Quadrangle at Mission San Antonio de Pala in Pala, California

Pictures copyright 2012 Russel Ray Photos

According to one source, the mission was destroyed by the historic Southern California floods of 1916, heaviest and most disastrous in San Diego County, but was rebuilt the same year using the original adobe. Another source says only that the foundations of the chapel and campanario were undermined and caused the buildings to crumble. The story of the 1916 flood will eventually be a blog post of its own; quite interesting.

The chapel and museum wing are original (but what does that mean in light of the paragraph immediately above?), the chapel undergoing extensive restoration in 1992 due to termite damage that threatened to collapse the roof.

I found the museum quite interesting in light of me finding the original “The Peace of the Resurrection” (see my previous post and first picture ▼).

The Peace of the Resurrection by Raul Anguiano at the Mission San Antonio de Pala in Pala, California

Mission San Antonio de Pala in Pala, California

Mission San Antonio de Pala in Pala, California

Mission San Antonio de Pala in Pala, California

Pictures copyright 2012 Russel Ray Photos

Many of the quadrangle buildings are home to the Vivian Banks Charter Elementary School where I taught chess on Thursday afternoons.

Mission San Antonio de Pala in Pala, California

Mission San Antonio de Pala in Pala, California

Mission San Antonio de Pala in Pala, California

Pictures copyright 2012 Russel Ray Photos

Mission San Antonio de Pala is the only original Alta California mission still ministering to Native American people.

Mission San Antonio de Pala in Pala, California

Pictures copyright 2012 Russel Ray Photos

Pictures copyright 2012 Russel Ray Photos

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“The Cemetery” at Mission San Antonio de Pala

Out & About

Cemeteries have always fascinated me. Nonetheless, I have only been to two funerals in my life, that of my granddad who died in 1978 when I was 23, and that of my best friend who died in 1989. I didn’t even get to go to my wise old grandmother’s funeral in 2003 because my three uncles threatened me with violence, one stating that he “didn’t know what might happen” if I went. Since he had more weapons than the United States Army, I decided to stay away.

San Diego is the only place that has two national cemeteries—Fort Rosecrans National Cemetery (picture ▼) and Miramar National Cemetery—and Southern California is the only region that has three of them, with Riverside National Cemetery about 60 miles from me. My husband’s dad is interred at Riverside National Cemetery.

Fort Rosecrans National Cemetery

Pictures copyright 2012 Russel Ray Photos

I find national cemeteries to be kind of dull, boring, and uninteresting due to their monotonous conformity.

However, they always seem to be located in beautiful places.

I think the most interesting cemeteries I ever visited were in New Orleans; those are what I call cemeteries.

We don’t seem to have a lot of cemeteries here in San Diego, but while out and about a couple of weeks ago I discovered “The Cemetery”:

The Cemetery at Mission San Antonio de Pala, Pala California

Pictures copyright 2012 Russel Ray Photos

Located at the Mission San Antonio de Pala in Pala, California, founded in 1816 to convert the native Indians to Catholicism, The Cemetery is the original Mission cemetery and claims to hold the remains of hundreds of Native American converts to Catholicism, as well as other early California pioneers.

If The Cemetery holds hundreds of remains, they are not well marked after all these years, or they were buried in a mass grave.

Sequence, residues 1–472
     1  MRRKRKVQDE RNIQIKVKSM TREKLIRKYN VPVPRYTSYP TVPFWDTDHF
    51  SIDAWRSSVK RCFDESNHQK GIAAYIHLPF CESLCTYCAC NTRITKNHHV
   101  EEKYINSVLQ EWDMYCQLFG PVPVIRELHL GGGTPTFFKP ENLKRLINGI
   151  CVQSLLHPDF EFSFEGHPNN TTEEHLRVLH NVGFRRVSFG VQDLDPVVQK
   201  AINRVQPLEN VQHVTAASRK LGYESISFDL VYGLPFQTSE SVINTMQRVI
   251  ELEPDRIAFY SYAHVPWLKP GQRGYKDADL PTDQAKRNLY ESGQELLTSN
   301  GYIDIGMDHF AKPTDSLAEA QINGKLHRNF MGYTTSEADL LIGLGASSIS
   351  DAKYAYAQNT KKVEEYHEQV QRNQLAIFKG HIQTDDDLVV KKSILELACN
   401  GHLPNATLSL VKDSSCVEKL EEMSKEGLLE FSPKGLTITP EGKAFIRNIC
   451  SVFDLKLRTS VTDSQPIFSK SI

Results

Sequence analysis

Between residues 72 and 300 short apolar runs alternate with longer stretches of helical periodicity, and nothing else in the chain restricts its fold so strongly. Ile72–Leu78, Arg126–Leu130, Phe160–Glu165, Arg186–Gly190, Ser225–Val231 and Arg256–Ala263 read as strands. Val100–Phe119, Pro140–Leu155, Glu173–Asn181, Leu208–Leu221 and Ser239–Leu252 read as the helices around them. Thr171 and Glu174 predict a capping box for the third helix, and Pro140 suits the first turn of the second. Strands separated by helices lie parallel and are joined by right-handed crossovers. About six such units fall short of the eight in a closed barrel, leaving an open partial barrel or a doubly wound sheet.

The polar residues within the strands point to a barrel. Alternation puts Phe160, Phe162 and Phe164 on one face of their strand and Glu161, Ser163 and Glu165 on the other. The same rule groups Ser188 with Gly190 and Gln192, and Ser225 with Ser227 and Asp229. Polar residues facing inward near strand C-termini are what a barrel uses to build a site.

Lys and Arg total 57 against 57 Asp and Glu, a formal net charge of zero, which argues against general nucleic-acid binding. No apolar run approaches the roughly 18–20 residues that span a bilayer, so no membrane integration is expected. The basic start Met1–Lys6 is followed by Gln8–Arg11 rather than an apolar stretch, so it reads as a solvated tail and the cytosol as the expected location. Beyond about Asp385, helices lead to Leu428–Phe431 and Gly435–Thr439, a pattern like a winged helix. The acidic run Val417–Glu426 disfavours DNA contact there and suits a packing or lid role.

Actually, while researching this post, I discovered that the cemetery is also known as the “Old Luiseño Cemetery,” named after the tribe of Indians the Mission had served. Graves typically were marked by wooden crosses, a great supermajority of which have fallen, deteriorated, or been misplaced.

Over at Interment.net, I found a partial list of those interred in the cemetery.

There might have been about twenty grave markers in The Cemetery. Here are some that I found interesting:

Grave marker at the cemetery at Mission San Antonio de Pala in Pala, California

Pictures copyright 2012 Russel Ray Photos

Grave marker at the cemetery at Mission San Antonio de Pala in Pala, California

Pictures copyright 2012 Russel Ray Photos

Grave marker at the cemetery at Mission San Antonio de Pala in Pala, California

Pictures copyright 2012 Russel Ray Photos

Grave marker at the cemetery at Mission San Antonio de Pala in Pala, California

Pictures copyright 2012 Russel Ray Photos

Grave marker at the cemetery at Mission San Antonio de Pala in Pala, California

Pictures copyright 2012 Russel Ray Photos

Grave marker at the cemetery at Mission San Antonio de Pala in Pala, California

Pictures copyright 2012 Russel Ray Photos

Grave marker at the cemetery at Mission San Antonio de Pala in Pala, California

Pictures copyright 2012 Russel Ray Photos

Grave marker at the cemetery at Mission San Antonio de Pala in Pala, California

Pictures copyright 2012 Russel Ray Photos

I don’t think this last one is a grave marker unless it’s a place holder for all those grave markers that aren’t there anymore.

Grave marker at the cemetery at Mission San Antonio de Pala in Pala, California

Pictures copyright 2012 Russel Ray Photos

Pictures copyright 2012 Russel Ray Photos

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Enjoy life. Make waves!

Picture of the Moment

After three consecutive days of rain, we’ve had three consecutive days of absolute beauty.

THIS is the San Diego that I’ve come to know and love, especially since lots of sunshine lets me get out and about to explore and take pictures.

Here’s one that I really like from yesterday:

Enjoy life. Make waves.

Pictures copyright 2012 Russel Ray Photos

Taken at San Elijo Lagoon Nature Center.

Pictures copyright 2012 Russel Ray Photos

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Pictures copyright 2012 Russel Ray Photos